Monday, October 27, 2014

Columbia 43 Painting finished

Oceanus coming out of the paint tent ready to receive her mast before launching.
Here are some photos and a short video of the new paint job on our Columbia 43 Oceanus. It only tells part of the story of our six-week haulout. In addition to the professional application of the AwlCraft 2000 on the topsides we:

  • sandblasted the bottom and the keel taking off about six layers of old bottom paint;
  • sanded, faired with epoxy the keel and bottom;
  • painted three coats of epoxy barrier coats on the bottom and keel;
  • painted two coats of Trinidad hard bottom paint;
  • removed four through hulls and repaired the hull with epoxy and lots of fiberglass;
  • installed three new through hulls;
  • replaced two old through hulls;
  • unstepped the mast and rewired it as well as taking apart all the rigging and inspecting it;
  • removed old transducer and replaced with new one;
  • removed rust and painted the mast step;
  • made rigging improvements to the mast;
  • sealed deck with epoxy around mast partners;
  • removed and replaced the cutlass bearing;
  • more than doubled the capacity of the cockpit drains.

Roberto sprays on the bootstripe on Oceanus.
There are several smaller things we did as well, but those are the main things. In all, Oceanus looked good for not being hauledout for more than 12 years. These are tough old boats and can put up with a lot of neglect, But the piper was past due and had to be paid.
Virginia unwraps the masking on Oceanus's stern.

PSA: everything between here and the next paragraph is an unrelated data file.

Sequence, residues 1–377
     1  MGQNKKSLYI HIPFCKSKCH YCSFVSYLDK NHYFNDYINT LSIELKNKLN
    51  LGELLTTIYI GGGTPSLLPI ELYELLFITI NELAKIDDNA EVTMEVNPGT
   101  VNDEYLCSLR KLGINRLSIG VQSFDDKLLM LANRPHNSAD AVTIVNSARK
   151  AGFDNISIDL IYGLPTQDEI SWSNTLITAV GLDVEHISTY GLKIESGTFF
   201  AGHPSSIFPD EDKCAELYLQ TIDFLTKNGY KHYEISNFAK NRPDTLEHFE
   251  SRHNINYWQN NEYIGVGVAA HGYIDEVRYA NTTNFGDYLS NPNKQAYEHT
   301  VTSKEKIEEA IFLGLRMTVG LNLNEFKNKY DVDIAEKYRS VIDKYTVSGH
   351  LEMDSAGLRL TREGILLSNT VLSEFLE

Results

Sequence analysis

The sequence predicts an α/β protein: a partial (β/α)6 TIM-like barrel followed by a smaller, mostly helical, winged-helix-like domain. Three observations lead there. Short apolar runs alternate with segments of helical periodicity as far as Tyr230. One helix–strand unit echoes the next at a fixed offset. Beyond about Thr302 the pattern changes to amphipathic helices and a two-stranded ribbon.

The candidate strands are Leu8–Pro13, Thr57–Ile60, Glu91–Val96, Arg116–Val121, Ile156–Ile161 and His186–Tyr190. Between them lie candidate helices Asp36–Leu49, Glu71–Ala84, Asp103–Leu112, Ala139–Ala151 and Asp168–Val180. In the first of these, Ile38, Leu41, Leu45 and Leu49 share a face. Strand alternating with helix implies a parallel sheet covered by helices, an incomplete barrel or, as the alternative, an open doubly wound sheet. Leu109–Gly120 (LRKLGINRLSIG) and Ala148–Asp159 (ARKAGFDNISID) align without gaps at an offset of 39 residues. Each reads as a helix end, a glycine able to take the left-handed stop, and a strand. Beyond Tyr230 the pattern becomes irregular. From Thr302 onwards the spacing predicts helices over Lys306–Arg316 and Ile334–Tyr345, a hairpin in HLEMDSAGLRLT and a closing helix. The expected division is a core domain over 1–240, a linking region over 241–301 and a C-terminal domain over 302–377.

This was a very tough project with Virginia and I working all day nearly every day from Sept. 5 to Oct, 22. We were bone tired every night and in the morning it felt like the movie Groundhog Day where we had to relive the previous days until we got it right. For Virginia is was mostly sanding, fairing and sanding some more followed by painting. While I did a lot of that too, I tackled some tough projects that were difficult and intimidating -- the through hulls and the cutlass bearing were the two biggies.
Roberto times how long it takes the Awlcraft 2000 paint to drain from a measuring funnel. He's a great guy with a lovely family in addition to being a terrific painter.
The yard painter, Roberto, was excellent. He did the sandblasting and sprayed the topsides paint. He also did an excellent job replicating the original cove and boot striping on the boat. He directed us on the prep work and the bottom painting. In all, I thought the yard workers at the Yaquina River Boatyard in Toledo, Ore., were excellent. Thank you Leo and crew.